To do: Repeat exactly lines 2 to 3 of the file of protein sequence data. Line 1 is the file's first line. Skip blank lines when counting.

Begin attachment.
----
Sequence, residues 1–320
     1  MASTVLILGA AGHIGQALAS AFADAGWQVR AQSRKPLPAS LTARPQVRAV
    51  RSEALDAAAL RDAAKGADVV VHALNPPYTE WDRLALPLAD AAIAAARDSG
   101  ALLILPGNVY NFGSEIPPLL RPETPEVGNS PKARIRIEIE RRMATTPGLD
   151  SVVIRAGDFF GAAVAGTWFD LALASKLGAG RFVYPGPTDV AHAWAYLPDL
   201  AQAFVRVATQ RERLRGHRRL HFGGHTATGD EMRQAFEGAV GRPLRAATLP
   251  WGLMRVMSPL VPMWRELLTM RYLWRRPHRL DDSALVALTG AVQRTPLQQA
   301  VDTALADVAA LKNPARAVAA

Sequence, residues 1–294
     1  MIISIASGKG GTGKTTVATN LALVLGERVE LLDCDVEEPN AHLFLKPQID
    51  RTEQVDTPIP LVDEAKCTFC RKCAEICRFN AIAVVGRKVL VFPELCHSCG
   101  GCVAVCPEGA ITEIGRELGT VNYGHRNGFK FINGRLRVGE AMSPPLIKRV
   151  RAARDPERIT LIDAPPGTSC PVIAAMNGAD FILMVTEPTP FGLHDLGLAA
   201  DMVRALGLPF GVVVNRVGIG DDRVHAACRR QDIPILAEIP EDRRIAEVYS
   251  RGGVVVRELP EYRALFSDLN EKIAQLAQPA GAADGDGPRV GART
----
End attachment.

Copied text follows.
     1  MASTVLILGA AGHIGQALAS AFADAGWQVR AQSRKPLPAS LTARPQVRAV
    51  RSEALDAAAL RDAAKGADVV VHALNPPYTE WDRLALPLAD AAIAAARDSG